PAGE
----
Thursday, 10 April 2003

Iraq war planned long in advance; banned arms not the priority: Blix

The invasion of Iraq was planned a long time in advance, and the United States and Britain are not primarily concerned with finding any banned weapons of mass destruction, the chief UN weapons inspector, Hans Blix, said.

"There is evidence that this war was planned well in advance. Sometimes this raises doubts about their attitude to the (weapons) inspections," Blix told Spanish daily El Pais.

"I now believe that finding weapons of mass destruction has been relegated, I would say, to fourth place, which is why the United States and Britain are now waging war on Iraq. Today the main aim is to change the dictatorial regime of Saddam Hussein," he said, according to the Spanish text of the interview.

Blix said US President George W. Bush (news - web sites) had told him in October 2002 that he backed the UN's work to verify US and British claims that Baghdad was developing biological, chemical and nuclear weapons.

But he said he knew at the time "there were people within the Bush administration who were sceptical and who were working on engineering regime change". By the start of March the hawks in both Washington and London were getting impatient, he added.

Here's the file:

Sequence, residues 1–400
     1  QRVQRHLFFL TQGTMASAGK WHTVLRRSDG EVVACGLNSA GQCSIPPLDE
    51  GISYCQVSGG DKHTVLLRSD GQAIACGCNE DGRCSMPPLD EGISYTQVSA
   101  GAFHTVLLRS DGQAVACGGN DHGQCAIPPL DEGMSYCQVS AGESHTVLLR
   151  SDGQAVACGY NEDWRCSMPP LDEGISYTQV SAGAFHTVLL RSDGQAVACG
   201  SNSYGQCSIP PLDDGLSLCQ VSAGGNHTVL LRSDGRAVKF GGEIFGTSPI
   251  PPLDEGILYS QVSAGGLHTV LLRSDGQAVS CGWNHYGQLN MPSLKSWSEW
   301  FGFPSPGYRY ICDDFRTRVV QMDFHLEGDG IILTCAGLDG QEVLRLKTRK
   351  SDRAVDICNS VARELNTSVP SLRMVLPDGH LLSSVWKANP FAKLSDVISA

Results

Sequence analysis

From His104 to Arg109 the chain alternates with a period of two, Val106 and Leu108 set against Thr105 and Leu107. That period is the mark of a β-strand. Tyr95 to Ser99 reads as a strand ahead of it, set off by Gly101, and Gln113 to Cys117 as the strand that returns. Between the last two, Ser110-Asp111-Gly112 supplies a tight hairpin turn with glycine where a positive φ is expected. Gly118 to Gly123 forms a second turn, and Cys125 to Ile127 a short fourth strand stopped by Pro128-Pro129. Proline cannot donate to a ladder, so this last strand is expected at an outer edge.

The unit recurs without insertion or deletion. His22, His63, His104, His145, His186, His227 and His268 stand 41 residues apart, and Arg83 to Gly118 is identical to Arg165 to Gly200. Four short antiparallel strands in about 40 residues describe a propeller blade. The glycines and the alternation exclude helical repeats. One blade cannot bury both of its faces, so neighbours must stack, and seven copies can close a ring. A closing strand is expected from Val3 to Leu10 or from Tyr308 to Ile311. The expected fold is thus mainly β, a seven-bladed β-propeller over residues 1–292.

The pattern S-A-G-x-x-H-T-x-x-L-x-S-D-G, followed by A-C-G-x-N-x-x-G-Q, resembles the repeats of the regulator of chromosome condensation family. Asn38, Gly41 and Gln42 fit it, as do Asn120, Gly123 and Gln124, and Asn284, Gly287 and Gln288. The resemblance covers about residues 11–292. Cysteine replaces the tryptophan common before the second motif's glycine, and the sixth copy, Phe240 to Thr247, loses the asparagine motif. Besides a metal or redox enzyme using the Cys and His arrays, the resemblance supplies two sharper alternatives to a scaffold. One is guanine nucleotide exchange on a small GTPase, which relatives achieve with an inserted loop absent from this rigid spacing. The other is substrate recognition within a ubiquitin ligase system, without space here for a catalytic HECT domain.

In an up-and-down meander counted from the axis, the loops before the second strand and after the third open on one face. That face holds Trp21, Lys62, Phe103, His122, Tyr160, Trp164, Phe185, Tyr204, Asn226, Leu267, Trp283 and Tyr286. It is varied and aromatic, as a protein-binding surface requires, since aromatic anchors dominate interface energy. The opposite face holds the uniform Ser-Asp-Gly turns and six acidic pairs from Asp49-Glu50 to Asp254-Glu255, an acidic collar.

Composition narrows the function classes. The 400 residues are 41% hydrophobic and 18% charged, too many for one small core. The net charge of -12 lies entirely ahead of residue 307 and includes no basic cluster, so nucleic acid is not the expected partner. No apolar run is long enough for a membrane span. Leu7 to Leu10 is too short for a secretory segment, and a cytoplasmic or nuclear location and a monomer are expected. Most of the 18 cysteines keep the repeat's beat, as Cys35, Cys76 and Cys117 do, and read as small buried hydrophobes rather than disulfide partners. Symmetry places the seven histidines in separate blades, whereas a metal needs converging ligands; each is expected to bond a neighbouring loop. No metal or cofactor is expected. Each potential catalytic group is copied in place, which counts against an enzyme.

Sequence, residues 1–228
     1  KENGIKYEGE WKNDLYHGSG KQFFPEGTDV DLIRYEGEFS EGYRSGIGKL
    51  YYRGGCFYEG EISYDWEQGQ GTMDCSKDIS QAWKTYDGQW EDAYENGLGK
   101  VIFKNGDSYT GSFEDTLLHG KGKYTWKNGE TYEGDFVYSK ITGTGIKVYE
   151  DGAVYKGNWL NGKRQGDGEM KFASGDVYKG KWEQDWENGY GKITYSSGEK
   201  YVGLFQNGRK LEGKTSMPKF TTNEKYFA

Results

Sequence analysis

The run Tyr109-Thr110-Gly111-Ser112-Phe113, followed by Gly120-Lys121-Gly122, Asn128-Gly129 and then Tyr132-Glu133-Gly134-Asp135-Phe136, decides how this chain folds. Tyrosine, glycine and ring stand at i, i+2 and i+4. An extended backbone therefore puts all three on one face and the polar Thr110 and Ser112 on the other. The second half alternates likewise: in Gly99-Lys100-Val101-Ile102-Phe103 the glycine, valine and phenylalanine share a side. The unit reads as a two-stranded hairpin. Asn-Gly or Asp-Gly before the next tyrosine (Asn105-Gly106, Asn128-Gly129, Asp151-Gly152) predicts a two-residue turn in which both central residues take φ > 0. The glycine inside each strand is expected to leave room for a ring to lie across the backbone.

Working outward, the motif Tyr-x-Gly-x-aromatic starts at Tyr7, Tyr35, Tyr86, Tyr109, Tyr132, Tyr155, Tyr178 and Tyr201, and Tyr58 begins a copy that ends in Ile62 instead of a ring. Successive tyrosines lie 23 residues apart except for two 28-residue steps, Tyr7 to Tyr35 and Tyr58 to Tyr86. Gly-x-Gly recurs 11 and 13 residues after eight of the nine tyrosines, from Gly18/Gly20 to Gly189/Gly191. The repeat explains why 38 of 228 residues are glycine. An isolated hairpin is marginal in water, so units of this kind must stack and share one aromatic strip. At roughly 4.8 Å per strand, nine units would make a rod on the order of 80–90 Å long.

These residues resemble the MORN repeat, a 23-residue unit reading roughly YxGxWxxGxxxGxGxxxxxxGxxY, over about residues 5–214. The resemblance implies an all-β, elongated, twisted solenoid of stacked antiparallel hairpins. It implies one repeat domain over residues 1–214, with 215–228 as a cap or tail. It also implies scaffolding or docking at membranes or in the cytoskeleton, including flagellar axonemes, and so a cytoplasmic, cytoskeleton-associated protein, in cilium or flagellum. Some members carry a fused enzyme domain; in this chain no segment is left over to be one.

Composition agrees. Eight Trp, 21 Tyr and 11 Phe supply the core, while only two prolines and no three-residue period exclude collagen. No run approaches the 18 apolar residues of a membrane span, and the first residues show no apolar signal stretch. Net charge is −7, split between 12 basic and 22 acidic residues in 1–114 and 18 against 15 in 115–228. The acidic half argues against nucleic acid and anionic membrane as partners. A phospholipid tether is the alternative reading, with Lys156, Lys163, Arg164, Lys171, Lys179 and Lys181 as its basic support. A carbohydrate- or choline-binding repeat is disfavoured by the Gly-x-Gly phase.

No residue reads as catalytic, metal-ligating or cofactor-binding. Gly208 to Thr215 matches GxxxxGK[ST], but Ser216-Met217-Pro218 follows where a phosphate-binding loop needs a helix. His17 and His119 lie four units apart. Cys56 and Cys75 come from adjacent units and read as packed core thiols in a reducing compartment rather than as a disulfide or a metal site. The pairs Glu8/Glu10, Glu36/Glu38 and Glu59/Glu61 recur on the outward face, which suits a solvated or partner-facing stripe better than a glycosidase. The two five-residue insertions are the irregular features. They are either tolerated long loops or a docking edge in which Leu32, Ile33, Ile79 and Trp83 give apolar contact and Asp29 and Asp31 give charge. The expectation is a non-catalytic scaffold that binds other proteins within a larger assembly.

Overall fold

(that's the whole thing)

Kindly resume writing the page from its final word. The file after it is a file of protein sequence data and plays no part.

Blix said that he thought the US might initially have believed Iraq possessed weapons of mass destruction -- although its "fabrication" of evidence raised doubts about even that -- but that Washington was now less convinced by its own claims.

"I think the Americans started the war thinking there were some. I think they now believe less in that possibility. But I don't know -- you ask yourself a lot of questions when you see the things they did to try and demonstrate that the Iraqis had nuclear weapons, like the fake contract with Niger," he explained.

That was a reference to US allegations -- later denied -- that Iraq had sought to purchase uranium from the west African state of Niger.

"I'm very curious to see if they do find any (weapons)," he said.

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